Housing and Community Development Act of 1987
|Other short titles||An Act to amend and extend certain laws relating to housing, community and neighborhood development and preservation, and related programs, and for other purposes.|
|Nicknames||Emergency Low Income Housing Preservation Act of 1987|
|Enacted by||the 100th United States Congress|
|Effective||February 5, 1988|
|Statutes at Large||101 Stat. 1815|
|Titles amended||42 U.S.C.: Public Health and Social Welfare|
|U.S.C. sections amended||42 U.S.C. ch. 69 § 5301|
The Housing and Community Development Act of 1987, P.L. 100-242, 101 Stat. 1815, is a United States federal law which amended the Housing and Community Development Act laws with regards to the Housing Act of 1937. The amendments revised sections of the Act concerning community and neighborhood development, family and single housing, and preservation for low income home owners. The law provided insurance for FHA Home Equity Conversion Mortgages (HECM) better known as a home equity conversion loan or reverse mortgage.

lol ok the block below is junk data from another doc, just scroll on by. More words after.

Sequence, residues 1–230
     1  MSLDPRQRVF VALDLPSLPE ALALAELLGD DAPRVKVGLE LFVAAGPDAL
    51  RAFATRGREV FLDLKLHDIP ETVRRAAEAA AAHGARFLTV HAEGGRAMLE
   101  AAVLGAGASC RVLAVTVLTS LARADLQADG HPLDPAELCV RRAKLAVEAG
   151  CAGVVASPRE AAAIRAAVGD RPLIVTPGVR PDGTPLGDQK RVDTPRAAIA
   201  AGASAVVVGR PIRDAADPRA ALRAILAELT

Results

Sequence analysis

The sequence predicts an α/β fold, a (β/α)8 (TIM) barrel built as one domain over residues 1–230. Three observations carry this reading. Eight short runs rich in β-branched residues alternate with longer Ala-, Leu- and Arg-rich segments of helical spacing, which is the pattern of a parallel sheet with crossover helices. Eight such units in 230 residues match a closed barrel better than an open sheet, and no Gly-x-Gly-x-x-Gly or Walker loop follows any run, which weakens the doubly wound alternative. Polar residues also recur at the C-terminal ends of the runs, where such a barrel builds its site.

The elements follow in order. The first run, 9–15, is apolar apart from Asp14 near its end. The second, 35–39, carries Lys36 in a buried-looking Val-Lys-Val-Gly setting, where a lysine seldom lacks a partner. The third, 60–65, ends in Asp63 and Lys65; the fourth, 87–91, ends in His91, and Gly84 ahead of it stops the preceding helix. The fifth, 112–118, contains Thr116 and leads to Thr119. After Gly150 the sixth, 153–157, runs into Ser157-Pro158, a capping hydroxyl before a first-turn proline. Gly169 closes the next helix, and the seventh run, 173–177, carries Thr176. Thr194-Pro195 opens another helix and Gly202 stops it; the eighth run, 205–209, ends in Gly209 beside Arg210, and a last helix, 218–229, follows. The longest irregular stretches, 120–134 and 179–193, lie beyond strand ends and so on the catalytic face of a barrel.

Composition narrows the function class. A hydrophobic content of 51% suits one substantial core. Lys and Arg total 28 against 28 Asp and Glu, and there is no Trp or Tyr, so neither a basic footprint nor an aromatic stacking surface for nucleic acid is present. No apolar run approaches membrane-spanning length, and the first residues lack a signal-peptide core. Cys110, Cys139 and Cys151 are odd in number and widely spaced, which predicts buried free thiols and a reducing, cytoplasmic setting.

Title VI of the Act established the Nehemiah Housing Opportunity Grants ("NHOP") program, intended to encourage homeownership by making federal grants to nonprofit organizations who would, in turn, loan funds to low-income families purchasing homes being built or rehabilitated under an approved program. NHOP ceased operation in 1991 when it was repealed by section 289 of the Cranston-Gonzalez National Affordable Housing Act of 1990 (42 USC 12839).
The S. 825 legislation was passed by the 100th U.S. Congressional session and signed into law by the 40th President of the United States Ronald Reagan on February 5, 1988.
- "Home Equity Conversion Mortgages (HECM)". U.S. Department of Housing and Urban Development. Retrieved December 8, 2013.
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